In cycling, I face some of the same challenges. I was slow to graduate from my training wheels. I feared falling, I lacked coordination and confidence in my body. As an adult, I embraced cycling, both out of love and out of need. I ride a standard 2-wheel bicycle and I can ride for hours. I know that these facts mean that people perceive me as nondisabled and as partaking in a niche sport. I feel compelled to convince people that I’m disabled. I work to convince people that it’s not just me – that bikes and cycling infrastructure can help loads of people like me.

My bike love is complicated because my early experiences taught me that my body didn’t belong and wasn’t worthy of inclusion. Since I started cycling, I found a way in which my body can flourish. But riding a bike also erases my disability experiences because of ableist assumptions about what disability is and who cyclists are. For me, though, bikes can be tools for inclusion, and that fact pedals me forward.

— Jillian Banfield

Bank Street Renewal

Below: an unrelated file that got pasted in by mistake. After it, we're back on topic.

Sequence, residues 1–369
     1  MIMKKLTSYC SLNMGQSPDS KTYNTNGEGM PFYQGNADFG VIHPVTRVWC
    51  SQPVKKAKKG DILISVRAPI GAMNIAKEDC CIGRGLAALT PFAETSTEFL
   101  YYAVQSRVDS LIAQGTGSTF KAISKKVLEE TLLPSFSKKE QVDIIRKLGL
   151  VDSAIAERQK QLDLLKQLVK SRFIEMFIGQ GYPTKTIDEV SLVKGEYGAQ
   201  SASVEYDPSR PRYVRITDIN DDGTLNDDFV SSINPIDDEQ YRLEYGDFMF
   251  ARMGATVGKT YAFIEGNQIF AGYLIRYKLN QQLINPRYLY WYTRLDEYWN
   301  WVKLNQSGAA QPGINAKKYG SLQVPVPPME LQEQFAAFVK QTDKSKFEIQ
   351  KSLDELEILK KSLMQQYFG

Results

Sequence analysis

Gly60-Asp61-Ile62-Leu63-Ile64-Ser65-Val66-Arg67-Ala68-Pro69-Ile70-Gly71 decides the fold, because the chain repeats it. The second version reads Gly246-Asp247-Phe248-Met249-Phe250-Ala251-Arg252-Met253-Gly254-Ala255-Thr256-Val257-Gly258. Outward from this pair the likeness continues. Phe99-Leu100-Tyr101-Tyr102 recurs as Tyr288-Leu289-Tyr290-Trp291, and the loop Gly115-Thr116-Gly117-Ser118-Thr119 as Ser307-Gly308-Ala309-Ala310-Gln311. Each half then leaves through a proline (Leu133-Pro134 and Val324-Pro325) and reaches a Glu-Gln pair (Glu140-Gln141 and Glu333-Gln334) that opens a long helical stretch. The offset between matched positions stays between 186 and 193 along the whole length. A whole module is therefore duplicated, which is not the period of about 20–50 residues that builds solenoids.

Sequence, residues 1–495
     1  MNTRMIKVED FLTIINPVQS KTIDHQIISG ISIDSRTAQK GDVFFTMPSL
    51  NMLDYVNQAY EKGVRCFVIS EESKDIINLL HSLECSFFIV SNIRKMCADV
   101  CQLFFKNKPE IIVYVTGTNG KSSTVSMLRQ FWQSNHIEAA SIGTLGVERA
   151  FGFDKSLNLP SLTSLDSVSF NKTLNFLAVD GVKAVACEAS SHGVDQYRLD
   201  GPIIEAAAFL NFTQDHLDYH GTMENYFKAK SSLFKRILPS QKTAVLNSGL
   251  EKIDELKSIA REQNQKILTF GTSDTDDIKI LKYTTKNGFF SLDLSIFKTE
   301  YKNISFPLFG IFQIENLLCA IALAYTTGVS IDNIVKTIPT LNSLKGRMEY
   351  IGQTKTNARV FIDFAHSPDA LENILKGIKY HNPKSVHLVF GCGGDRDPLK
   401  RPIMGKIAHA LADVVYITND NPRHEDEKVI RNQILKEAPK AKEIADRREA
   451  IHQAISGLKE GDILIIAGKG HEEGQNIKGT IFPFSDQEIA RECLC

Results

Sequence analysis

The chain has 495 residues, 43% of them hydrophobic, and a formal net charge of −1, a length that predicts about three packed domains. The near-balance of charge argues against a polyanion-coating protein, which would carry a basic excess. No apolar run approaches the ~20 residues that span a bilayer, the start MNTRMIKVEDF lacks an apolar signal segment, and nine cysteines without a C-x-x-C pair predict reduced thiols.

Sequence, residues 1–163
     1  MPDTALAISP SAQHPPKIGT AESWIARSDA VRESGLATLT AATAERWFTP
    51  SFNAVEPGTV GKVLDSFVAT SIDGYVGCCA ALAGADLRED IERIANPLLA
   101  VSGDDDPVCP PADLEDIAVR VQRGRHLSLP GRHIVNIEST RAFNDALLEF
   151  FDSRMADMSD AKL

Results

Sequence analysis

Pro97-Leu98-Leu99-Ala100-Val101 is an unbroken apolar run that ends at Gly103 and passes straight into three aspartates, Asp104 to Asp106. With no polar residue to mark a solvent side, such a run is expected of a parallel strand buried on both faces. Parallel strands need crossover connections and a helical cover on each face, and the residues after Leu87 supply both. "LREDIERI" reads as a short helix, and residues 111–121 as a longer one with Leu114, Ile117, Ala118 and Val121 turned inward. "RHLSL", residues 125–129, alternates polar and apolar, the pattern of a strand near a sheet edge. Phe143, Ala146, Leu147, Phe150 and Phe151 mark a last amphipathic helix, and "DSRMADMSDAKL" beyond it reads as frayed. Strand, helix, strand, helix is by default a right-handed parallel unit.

By Alex Wilcox

In late November, the City of Ottawa held a working group consultation for the preliminary design of the reconstruction of Bank Street from Riverside Drive at the Rideau River in the north, to Ledbury Avenue in the south. This project has been underway for quite some time, Bike Ottawa previously participating in the functional design study for this project in 2016/2017. This stretch of Bank Street is a significant artery in south Ottawa. At the north end of the project limits, the street transitions from an urban main street to a more suburban artery in the south end.

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Budget 2021: Some Progress, But No Bold Moves

Ottawa City Council is expected to pass its 2021 Budget on Wednesday, December 9th. The city will spend approximately $8.9 million (M) on dedicated bike infrastructure – down significantly from the 2015-2018 years when the city was budgeting $20M in “Cycling and Pedestrian Plans.”

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Envisioning a Better ByWard Market: Public Realm Plan

On December 1st, the City of Ottawa Financial and Economic Development Committee passed the “Byward Market Public Realm Plan“, and the plan goes to council for final approval next week. Bike Ottawa wrote a letter in response to the proposed plan. We supported it, we also stated the need for significant improvements at the implementation stage.